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Betty: A woman of steel – Part 2

By Comfort Obi
11 December 2018   |   3:43 am
Her first job after her graduation and National Youth Service was at the Federal Ministry of Fisheries. But she was exposed to the real world when she went for a course in Philippines. It was there that she learnt about segregation and racism. It was a different world for her. She found out students could…

Her first job after her graduation and National Youth Service was at the Federal Ministry of Fisheries. But she was exposed to the real world when she went for a course in Philippines.

It was there that she learnt about segregation and racism. It was a different world for her.

She found out students could relate to their lecturers, freely, and eat with them on same table, argue on issues with them and, have easy access to them.

These were unlike what obtained at Nsukka. There, at the time, lecturers were like thin gods.

She also found out that, yes, blacks could perform better, academically, than Oyinbo, given the same environment and opportunities. And, she came back from Philippines a changed woman – more sure footed, lots of self-esteem, an all-round woman.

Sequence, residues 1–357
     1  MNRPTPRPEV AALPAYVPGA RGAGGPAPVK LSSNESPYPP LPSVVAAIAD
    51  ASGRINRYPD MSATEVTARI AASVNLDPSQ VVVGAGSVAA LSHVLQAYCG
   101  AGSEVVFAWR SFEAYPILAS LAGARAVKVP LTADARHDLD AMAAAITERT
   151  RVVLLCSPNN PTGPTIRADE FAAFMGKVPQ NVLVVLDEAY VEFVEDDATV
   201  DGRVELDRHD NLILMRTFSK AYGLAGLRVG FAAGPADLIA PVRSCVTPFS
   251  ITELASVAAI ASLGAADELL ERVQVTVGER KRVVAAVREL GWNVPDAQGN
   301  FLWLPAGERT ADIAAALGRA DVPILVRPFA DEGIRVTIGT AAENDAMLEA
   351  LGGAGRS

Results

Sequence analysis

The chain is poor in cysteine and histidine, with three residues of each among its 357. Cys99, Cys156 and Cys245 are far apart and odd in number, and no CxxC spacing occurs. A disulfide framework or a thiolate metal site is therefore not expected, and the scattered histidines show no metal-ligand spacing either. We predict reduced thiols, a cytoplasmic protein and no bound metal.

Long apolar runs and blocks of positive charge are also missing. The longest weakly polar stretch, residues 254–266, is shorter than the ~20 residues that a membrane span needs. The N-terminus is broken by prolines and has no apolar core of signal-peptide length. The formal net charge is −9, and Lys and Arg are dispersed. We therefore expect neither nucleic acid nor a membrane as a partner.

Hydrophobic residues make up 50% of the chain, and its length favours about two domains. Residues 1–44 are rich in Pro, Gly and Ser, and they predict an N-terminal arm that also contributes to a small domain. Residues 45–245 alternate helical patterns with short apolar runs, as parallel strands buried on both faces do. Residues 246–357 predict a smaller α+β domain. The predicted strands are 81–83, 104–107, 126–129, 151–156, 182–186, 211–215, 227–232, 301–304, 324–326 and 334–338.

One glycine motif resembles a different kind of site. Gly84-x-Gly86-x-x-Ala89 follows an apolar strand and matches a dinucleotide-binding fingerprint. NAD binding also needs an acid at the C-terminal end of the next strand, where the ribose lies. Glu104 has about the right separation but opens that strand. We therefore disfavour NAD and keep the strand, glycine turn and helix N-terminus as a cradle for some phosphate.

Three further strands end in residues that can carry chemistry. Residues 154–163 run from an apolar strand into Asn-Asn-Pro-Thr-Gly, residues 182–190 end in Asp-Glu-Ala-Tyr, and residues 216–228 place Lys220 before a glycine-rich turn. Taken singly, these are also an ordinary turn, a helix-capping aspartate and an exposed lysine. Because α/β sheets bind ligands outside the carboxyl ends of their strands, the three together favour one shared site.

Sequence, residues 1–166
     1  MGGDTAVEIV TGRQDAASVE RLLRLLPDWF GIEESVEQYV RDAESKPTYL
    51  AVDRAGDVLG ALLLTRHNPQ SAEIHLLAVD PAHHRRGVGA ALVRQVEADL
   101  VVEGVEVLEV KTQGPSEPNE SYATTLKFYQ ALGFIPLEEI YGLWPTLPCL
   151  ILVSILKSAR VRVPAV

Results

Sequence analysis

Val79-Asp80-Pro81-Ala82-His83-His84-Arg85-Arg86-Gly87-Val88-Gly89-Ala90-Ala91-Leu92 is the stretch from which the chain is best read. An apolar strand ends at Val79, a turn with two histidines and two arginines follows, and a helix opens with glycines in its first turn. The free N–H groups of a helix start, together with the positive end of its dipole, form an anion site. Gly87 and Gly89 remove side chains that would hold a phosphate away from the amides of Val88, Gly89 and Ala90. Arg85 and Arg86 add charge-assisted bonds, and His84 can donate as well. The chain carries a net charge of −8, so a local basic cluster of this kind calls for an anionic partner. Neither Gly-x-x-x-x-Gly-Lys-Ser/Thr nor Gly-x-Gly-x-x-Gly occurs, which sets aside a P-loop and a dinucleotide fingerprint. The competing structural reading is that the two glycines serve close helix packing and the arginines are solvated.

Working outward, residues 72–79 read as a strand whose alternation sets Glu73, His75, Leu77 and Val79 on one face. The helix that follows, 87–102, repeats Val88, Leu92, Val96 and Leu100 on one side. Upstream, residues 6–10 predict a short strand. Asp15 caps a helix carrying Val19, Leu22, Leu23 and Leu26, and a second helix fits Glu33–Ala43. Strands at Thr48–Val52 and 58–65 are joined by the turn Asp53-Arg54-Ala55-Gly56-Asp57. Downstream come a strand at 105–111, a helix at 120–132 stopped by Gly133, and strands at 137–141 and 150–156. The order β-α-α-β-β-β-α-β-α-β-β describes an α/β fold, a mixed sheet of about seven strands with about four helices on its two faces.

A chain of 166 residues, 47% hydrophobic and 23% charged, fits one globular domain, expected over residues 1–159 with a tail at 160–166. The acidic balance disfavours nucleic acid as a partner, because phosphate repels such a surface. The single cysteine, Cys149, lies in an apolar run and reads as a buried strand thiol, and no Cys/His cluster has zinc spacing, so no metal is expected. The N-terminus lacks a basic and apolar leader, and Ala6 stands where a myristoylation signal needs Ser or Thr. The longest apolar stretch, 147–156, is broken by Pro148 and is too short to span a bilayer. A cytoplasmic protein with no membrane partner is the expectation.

Her experience helped her to be the woman she is today, especially on two fronts.

When at the age of 44 she was diagonised of breast cancer, she was, naturally, initially traumatised. But she fought back because she wanted to live for her husband, children and family.

Because of her education, exposure and enlightenment, she rejected the usual primitive belief that the disease was a curse from an enemy, or an arrow, or an attack targeted at her by women who wanted to take her place in her matrimonial home.

So, she rejected the pressure of going to spiritualists, prophets, native doctors, any prayer house.

Before she became a victim of cancer, she had read it up. That helped. So, she focused on a hospital – University College Ibadan.

There, she met many women suffering from the same ailment, but who wouldn’t discuss it thereafter, at times, out of fear that nobody would marry their daughters. But more annoying to her is the role some churches are playing.

She is angry with those churches and clerics, by whichever name, who deceive women, giving them the impression that cancer is curable with the use of olive oil, white handkerchiefs or praying while laying a hand on the breast of the victim.